After some drama with a stuck drill bit, we got the levels installed in a "close enough for rock and roll and Burning Man" way. RVs need to be leveled for pumps and drains to work properly. We just don't want the inside to look like a villains lair in the 1966 Batman TV show. Most;y level works. This was also the day we tested out two of our leveling jacks. We have four, one for each corner, and their rated for far greater loads than we could possibly get into that small space. They are a good thing.

Tomorrow, we're going to do some exterior work. We have red reflective tape that's going down both sides for that "Little Black Book" Traveller feel. We'll also look for signs of more mold, and clean up a little. Nice thing is, we don't have to tow it back to storage tomorrow, it can wait until Monday, as Tony needs to double check the electrical hook ups again.
gridlore: The word "Done!" in bold red letters. (Done!)
What a day! I knew earlier this week it was going to be a busy one, but I'm really surprised at how much we accomplished. Especially considering how fried I was over the whole Facebook meltdown. And having a biopsy. It's been a stressful week.

But we had things to do, so rather than hitting the snooze button several times, we were up and out the door soon after 0700. Our first goal was the storage yard where we keep the Free Trailer Beowulf. For the locals, We live in Santa Clara and the yard is in South San Jose near the 101/85 interchange. So a bit of a drive. After a stop for breakfast at Jack in the Box, we proved to ourselves that we are getting moderately decent at hooking the trailer up to the truck.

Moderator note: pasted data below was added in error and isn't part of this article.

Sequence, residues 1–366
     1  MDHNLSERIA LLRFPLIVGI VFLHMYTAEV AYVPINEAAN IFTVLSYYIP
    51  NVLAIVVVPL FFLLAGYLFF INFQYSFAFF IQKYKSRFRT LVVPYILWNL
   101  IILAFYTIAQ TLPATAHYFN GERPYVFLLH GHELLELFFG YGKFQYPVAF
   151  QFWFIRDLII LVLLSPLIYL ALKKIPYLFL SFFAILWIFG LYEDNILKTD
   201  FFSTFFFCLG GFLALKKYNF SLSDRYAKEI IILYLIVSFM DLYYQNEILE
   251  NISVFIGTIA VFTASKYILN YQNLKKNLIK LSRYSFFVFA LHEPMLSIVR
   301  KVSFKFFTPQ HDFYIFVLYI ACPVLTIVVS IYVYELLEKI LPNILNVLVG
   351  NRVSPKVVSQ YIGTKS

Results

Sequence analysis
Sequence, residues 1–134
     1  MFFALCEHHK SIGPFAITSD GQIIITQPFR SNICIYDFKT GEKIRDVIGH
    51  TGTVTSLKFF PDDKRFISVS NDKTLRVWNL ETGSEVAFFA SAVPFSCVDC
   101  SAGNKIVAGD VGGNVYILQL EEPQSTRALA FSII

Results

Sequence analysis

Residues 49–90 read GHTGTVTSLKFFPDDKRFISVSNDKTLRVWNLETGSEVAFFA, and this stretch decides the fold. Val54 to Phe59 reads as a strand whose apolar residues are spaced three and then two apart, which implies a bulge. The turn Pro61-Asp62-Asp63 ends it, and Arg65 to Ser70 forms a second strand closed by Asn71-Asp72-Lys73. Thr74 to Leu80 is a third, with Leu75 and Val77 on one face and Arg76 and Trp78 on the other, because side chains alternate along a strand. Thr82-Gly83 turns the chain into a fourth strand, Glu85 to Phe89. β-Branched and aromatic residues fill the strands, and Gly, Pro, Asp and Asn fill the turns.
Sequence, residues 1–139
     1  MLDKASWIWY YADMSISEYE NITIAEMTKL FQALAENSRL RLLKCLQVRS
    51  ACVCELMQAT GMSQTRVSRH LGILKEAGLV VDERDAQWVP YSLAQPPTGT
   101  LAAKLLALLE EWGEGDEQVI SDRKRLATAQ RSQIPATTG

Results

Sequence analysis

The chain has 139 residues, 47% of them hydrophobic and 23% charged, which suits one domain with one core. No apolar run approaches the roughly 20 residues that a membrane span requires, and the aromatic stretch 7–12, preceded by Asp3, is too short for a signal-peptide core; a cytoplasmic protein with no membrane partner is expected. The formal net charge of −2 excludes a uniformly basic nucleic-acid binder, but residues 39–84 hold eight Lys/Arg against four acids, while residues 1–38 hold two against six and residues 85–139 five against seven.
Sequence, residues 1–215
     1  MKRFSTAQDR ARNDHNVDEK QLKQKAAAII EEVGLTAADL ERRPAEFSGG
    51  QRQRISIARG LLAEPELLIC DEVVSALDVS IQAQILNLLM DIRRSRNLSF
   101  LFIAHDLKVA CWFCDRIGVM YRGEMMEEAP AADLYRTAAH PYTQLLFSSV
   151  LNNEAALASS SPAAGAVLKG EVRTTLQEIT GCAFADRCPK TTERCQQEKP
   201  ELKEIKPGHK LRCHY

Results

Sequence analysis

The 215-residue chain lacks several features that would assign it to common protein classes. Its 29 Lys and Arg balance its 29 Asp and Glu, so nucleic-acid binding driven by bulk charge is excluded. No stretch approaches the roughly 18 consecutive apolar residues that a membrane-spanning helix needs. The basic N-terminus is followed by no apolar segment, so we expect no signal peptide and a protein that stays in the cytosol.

Moderately.

Anyway, Kirsten had drive down, so I took the next leg of driving. Back up 101 to her office in Santa Clara. Normally, this freeway is a parking lot at that time of the morning, but I guess a ton of people were taking advantage of the sudden spring weather to head to Tahoe for some skiing. Very little traffic along the way.

Although there was a little odd movement at first, we quickly concluded it was the road surface causing it, and not the trailer fishtailing. It was steady as a rock back there. I'm happy to have spent so many years driving 34' flatbeds . . . my lane-changing instincts are conditioned to expect the need for a wide opening in the lane I'm moving into and I have the habit of signalling long before I move. This pays off. Hell, I signal in parking lots when I'm the only car there. Good habits, people!

Anyway, the main goal of the day was getting the wiring looked at. Remember, the Beowulf was somebody's shop project, and it shows. It's why we got it cheap. The main concern was the wiring from the truck connector to the tail lights looked sloppy, and the 110 volt power cable that ran inside to two power strips was both hanging loose and had a connection held together by electrical tape. Tony, one of Kiri's coworkers and a fellow trailer enthusiast, has been more than happy to take part in the project. In fact, everyone at Earthbaby seems to be pitching in.

Once we had Tony set up, I headed out to do my "job." There's some weird program that if you are disabled and can get a company to pay you $5 a month to do something, it makes keeping you benefits easier. Don't ask me. But my job is collecting recycling from the break room and taking it to the recycling place. I keep the proceeds. Did that and headed back.

When I got back to the warehouse, work was proceeding apace. It was decided that a run to the nearby Home Depot was needed for a few thing, so Tony and I jumped in the truck and headed over there. To say I got my walk in is an understatement. Find what we need, pay, and head back to the office. Where I need to sit. I was frankly becoming burned out at this point, as it was a tough week for me.